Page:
How to Grade a Driveway: Back to Basics
Every driveway is a little different. You may have dangerous ruts that make driving uncomfortable, or maybe your gravel is compacted and uneven, or rain washes out your drive, or there are deep divots – or any number of other unavoidable issues. The fact is, if you’re interested in doing a job that will mature seasonally– there’s definitely plenty of prep work to do.
You’ve got to examine, excavate and grade. But it’s easy to go overboard. It’s easy to over-purchase or under-evaluate.
So what’s the best practice? What really works?
A quality Grading job rests on two fundamental cornerstones: a solid sub-grade, and an attention to shedding and water drainage.
The sub-grade has to be stable. Every solid, lasting driveway is built with a firm foundation. In fact, your driveway is only going to be as good as the sub-grade beneath it.
Uniformity is key. The resting soil has to have the right composition and level of compaction. A one-minded, uniform attention to soil composition and compaction is the key to a quality sub-grade: A sub-grade that offers sufficient support and even thickness, and that can prevent settlement and structural damage.
If you find any soft spots, remove them and replace them with the right material – like rocks or gravel chips. Soils differ by area, and there are plenty of helpful professionals to consult if you’re unsure of how to approach an adequate sub-grade.
Water has to drain and shed correctly – otherwise you’ll end up with flooding or pooling or corrosion (and the list goes on). Water needs to flow out and away from your garages, sheds and building foundations.
Without the right grade for appropriate water drainage – your driveway may have an exceedingly short (and consistently troublesome) life.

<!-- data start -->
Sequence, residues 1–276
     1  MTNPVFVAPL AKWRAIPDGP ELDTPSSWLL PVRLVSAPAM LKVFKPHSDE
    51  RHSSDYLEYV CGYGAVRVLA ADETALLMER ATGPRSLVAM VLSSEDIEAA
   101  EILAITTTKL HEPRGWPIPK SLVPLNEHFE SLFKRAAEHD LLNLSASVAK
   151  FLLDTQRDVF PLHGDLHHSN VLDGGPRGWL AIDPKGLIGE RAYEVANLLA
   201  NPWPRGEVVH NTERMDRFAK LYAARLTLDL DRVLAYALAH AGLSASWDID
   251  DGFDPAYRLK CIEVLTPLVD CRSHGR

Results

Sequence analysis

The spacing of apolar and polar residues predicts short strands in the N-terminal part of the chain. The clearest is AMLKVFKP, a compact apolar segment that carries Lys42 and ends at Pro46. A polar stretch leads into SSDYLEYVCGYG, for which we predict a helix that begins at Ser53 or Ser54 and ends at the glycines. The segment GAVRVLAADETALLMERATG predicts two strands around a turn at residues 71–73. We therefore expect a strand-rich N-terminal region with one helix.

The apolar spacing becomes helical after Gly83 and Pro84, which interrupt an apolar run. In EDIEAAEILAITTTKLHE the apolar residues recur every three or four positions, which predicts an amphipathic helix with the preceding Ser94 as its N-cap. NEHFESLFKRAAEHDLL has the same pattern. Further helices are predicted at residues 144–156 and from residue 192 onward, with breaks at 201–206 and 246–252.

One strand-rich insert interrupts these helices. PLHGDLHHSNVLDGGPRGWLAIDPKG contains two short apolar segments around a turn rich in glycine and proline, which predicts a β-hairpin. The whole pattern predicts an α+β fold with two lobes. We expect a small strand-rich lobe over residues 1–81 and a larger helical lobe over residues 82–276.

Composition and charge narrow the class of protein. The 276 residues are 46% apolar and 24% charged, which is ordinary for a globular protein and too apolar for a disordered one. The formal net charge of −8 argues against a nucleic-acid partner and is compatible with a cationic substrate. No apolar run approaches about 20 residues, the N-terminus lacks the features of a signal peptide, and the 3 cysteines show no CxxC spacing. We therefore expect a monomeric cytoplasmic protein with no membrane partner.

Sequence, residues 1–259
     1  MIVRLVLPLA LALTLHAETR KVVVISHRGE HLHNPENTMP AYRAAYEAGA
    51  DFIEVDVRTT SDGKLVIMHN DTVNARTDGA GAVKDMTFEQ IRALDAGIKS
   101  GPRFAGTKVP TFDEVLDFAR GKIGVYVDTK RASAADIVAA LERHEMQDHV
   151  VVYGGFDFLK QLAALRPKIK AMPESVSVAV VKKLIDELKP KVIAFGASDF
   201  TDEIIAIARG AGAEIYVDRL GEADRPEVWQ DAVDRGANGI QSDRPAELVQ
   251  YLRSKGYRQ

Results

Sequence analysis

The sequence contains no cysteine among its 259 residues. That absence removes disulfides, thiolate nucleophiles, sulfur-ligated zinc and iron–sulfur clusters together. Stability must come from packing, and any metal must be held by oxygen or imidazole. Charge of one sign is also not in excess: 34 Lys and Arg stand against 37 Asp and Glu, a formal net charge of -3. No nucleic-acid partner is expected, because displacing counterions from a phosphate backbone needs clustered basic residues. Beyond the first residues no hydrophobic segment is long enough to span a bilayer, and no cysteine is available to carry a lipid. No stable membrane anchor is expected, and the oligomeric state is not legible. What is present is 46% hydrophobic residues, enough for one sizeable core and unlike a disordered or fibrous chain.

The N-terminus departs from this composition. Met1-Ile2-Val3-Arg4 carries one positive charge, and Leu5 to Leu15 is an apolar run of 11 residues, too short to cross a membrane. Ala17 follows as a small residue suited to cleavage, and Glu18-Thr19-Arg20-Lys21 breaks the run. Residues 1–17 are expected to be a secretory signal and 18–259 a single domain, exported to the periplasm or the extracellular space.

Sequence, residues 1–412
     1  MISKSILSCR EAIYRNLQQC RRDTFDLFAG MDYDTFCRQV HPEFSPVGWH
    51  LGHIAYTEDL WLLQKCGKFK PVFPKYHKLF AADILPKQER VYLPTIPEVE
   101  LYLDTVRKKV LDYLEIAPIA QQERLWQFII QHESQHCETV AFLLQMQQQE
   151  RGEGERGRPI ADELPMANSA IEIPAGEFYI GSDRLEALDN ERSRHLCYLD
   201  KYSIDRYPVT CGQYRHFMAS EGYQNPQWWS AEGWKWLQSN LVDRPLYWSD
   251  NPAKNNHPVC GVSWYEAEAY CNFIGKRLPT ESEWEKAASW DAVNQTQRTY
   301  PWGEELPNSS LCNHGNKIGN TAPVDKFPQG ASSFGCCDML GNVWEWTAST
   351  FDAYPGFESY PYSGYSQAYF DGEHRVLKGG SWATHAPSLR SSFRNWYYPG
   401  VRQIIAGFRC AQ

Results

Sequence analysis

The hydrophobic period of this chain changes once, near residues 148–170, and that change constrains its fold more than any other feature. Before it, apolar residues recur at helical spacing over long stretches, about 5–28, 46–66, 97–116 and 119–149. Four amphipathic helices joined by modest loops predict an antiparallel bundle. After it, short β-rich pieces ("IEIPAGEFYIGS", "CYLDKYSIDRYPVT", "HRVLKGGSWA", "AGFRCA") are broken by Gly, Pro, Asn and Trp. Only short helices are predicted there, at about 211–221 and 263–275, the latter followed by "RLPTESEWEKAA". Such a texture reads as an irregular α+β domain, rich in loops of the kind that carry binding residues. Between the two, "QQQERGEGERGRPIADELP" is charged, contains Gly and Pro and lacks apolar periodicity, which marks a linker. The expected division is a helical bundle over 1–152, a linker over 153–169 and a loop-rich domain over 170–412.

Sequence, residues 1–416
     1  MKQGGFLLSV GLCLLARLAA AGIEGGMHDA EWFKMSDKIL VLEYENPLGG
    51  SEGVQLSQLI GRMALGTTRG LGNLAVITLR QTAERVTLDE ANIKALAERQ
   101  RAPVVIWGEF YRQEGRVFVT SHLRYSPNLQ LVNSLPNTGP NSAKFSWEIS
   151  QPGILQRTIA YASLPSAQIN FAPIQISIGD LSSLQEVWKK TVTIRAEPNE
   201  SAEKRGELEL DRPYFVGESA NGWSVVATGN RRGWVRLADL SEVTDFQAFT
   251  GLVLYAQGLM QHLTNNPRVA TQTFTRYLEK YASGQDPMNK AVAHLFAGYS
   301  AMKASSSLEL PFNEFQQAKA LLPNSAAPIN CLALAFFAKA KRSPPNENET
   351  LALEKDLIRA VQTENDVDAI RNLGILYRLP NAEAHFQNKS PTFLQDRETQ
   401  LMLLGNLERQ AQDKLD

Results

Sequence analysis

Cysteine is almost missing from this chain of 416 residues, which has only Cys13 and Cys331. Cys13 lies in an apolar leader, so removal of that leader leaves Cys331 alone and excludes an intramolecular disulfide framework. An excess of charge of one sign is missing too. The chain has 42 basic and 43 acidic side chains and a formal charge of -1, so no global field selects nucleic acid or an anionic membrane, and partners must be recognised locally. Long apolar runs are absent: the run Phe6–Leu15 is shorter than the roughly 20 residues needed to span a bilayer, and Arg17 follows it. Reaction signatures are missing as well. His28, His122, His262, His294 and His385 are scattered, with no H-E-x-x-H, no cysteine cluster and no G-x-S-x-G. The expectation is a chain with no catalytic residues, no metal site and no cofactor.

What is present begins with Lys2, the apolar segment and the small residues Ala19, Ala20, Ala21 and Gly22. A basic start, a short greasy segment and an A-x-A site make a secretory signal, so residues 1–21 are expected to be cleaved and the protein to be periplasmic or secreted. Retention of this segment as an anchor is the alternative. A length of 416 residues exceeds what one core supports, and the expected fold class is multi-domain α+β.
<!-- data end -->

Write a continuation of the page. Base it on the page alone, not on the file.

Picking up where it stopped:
So How’s It Done?
We’ve got the prep-work done, now what about the grading itself? What’s the best way to tackle the task?
Here are some top-rated tips on the whole of the process:
- Dig in as deeply and as comprehensively as you can. This loosens up the gravel. A good rule is to try to get as deep as your deepest potholes or washouts.
- Now go back and forth across your driveway. It may take a few passes, each way, to totally loosen up the gravel.
- Once it’s all been tossed and turned, scan for washouts or floating gravel. Sweep any excess gravel back into the body of the driveway.
- After you’ve scanned and swept, grade back and forth again across the driveway to even everything out. Distribute loose gravel evenly over the fresh surface.
People often grade in the spring, and then again in autumn. Winter does a bang-up job on driveways. It’s a matter of response and prevention. Even if you’re going to grade on a regular or seasonal basis, there are a few ways to consistently maintain your driveway:
- If potholes show up you can fill them with gravel or loose rocks. It’s a quick, temporary fix – but it does the job.
- Keep your eye out for any gravel that drifts off into surrounding areas, and sweep it in again.
- Maintain the crown of your driveway. It’s the high point in the center that helps with water drainage.
You May Want to Pave
If you’re planning on paving your driveway – it’s essential that you follow the same steps for the right pre-cement grade. It’s amazing how few people take care to grade their driveways correctly before paving them – and they feel the sting when the problems pop up.
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